DAO leadership and decentralized governance expert.
Everyone knows that forking is risky, expensive, and potential destructive. But none of those problems are the real reason I'm obsessed with #nofork problems.
The real reason is that in most of the critical problems in life, forking is impossible. I don't mean impractical, like divorce is expensive, inconvenient, and destructive. I mean like, even if you divorce, those children you made are still part of that entity called their other parent. The children's well-being and your well-being are intertwined, there will be joint decisions and payments with that other person, and therefore... you can't exactly have a hard fork and go off in your separate directions.
That's a kind of trivial example. The less trivial example is air. Air. You can't fork to another planet (yet) and, oddly enough people talk about living on the Moon or Mars, where there is no air. So logical! The earth may become uninhabitable because of what we are doing to the air and water, so let's figure out how to live on planets with no air or water!
It should be obvious that, as bad as things are here, it's still probably easier to solve the problems we have with air on earth than figure out how to solve the problems of air on the Moon or Mars. But I digress. The point is that when someone burns down the Amazonian rain forest, you don't get to fork your breathing out to some other planet. That's your air that's getting degraded.
Another #nofork problem is nationality. I happen to be writing from Barcelona. It is possible that Catalonia could fork from Spain, but either way, if you are from Barcelona, you get what you get. You get either Spanish Rule or Catalonian Rule. As an individual, you don't get to fork.
Ah, but wait, you could move to another country! Unfortunately, this is just like the divorce problem. I personally moved to Slovenia, but guess what? My children still live in Israel and serve(d) in the Israeli military. Did I or didn't I fork? If you consider that my son is one of the most important things to me, and he is now in a combat unit, it's pretty easy to see that this fork thing is not particularly clean or crisp. It is hard, I give it that.
Ironically, yesterday I was sitting in a crypto-friendly coworking space and the person next to me cracked up when they overheard me on the phone saying"No, you can't change your nationality," to my daughter who was having trouble with online check-in to her flight as a dual-national.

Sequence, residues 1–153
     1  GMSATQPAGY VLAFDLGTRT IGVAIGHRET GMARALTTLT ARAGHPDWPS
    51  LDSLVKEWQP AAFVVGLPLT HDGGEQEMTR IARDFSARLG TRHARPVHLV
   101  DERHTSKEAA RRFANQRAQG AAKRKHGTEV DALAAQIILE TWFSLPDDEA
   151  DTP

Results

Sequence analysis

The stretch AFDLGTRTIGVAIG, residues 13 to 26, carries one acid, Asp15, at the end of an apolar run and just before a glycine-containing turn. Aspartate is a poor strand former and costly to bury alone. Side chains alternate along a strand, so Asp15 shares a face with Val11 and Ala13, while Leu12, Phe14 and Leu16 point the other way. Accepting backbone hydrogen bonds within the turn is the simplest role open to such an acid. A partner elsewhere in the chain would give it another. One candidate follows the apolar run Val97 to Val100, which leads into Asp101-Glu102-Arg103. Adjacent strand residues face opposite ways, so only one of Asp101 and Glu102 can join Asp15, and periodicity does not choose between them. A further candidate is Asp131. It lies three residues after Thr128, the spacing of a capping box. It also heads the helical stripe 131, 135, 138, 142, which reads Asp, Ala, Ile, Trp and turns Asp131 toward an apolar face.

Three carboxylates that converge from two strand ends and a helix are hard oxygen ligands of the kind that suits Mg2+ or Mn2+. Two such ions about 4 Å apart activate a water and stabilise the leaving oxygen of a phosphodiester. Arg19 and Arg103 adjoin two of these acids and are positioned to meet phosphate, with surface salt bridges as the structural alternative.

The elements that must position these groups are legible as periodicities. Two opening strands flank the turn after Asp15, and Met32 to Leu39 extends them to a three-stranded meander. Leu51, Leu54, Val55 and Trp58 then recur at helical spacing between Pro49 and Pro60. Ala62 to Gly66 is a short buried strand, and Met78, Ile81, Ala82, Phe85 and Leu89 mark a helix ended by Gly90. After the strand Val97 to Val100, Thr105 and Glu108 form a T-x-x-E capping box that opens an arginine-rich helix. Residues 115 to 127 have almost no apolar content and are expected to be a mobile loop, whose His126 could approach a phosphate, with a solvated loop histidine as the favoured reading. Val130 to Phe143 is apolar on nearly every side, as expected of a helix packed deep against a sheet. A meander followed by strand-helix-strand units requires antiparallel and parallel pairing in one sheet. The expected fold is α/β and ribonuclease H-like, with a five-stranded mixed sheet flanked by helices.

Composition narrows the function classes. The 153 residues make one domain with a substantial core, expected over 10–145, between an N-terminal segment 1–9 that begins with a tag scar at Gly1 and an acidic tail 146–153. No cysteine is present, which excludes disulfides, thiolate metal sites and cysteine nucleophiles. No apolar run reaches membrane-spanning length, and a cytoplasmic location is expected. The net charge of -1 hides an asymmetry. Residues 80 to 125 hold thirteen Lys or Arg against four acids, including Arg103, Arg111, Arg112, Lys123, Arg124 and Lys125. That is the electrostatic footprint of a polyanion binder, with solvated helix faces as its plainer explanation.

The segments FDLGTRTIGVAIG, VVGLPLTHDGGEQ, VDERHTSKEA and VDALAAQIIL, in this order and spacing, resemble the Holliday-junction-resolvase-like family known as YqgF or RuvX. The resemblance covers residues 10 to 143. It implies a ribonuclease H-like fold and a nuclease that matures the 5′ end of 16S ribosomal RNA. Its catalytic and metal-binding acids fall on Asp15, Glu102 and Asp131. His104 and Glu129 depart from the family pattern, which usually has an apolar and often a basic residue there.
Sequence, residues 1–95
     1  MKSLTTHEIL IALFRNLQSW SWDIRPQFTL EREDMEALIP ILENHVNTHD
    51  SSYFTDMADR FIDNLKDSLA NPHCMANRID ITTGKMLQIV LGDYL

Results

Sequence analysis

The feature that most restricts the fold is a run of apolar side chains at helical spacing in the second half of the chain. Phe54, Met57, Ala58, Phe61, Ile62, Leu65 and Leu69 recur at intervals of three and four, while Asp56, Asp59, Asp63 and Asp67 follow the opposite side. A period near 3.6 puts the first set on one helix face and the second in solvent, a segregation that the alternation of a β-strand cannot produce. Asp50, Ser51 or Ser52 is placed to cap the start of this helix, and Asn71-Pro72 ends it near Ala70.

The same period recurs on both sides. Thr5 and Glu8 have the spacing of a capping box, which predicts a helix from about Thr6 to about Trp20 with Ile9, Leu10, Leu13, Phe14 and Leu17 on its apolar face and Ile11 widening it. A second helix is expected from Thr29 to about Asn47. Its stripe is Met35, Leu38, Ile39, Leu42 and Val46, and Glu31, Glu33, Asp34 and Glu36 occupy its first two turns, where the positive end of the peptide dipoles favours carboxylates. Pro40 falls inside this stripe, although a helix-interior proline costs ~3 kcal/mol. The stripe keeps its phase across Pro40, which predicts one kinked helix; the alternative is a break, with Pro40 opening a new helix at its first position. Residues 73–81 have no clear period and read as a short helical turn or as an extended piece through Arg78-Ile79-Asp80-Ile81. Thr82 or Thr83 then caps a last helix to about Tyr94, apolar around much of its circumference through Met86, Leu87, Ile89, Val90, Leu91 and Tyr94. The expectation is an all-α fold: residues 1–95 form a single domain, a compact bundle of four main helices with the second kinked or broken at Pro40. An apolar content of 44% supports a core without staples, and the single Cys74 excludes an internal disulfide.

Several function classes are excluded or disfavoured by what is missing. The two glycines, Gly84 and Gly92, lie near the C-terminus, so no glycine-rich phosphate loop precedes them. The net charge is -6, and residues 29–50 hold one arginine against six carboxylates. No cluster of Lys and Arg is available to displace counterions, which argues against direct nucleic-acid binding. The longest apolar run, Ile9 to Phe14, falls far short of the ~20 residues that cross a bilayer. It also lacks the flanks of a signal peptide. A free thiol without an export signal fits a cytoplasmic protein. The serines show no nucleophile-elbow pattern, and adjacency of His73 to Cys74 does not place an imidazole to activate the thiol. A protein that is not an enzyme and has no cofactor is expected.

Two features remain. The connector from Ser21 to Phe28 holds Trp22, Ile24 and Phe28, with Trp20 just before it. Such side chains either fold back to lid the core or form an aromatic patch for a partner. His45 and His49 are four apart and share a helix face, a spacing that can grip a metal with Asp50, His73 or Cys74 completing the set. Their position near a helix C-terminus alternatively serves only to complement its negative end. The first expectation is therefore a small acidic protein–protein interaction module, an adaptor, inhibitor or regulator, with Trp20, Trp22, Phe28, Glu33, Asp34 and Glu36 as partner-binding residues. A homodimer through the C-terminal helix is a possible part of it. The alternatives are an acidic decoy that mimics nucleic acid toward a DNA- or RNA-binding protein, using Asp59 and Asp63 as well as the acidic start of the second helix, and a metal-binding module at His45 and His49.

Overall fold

The Catalonian dude next to me didn't know who I was talking to or what the context was, but the sentence "no, you can't change your nationality" pretty much sums up why #nofork is both technically true for most people and emotionally true for practically everyone. You *can* change your nationality, with great effort, money and time, but you can't change the love you have for the place you came from, the language, culture, and the people who live there, even if your government sucks.
(More accurately, even though your government sucks, which is the #nofork problem DAO has potential to resolve. Either we find a superior replacement for representative democracy together as humans or we are stuck with the crapola governments we have now. The Arab Spring was a great illustration that if we overthrow the current system and we don't have a new something to replace it, all you get is Animal Farm.)
When I say that #nofork is more interesting than forking, I'm not talking about the coolness factor, but about the level at which the #nofork situations are interesting to humanity.
The most important, interesting, and critical problems that we are facing as humans simply cannot be solved through forking or any of the other derivatives of libertarian thought. Doing your own thing will not solve problems such as:
If you want to solve problems like this, you need systems that are #nofork in nature. You need systems that take in the opinions and wisdom of as many of the affected people as possible. You need systems that measure the impacts of actions on complex systems. Forking will not carry the day.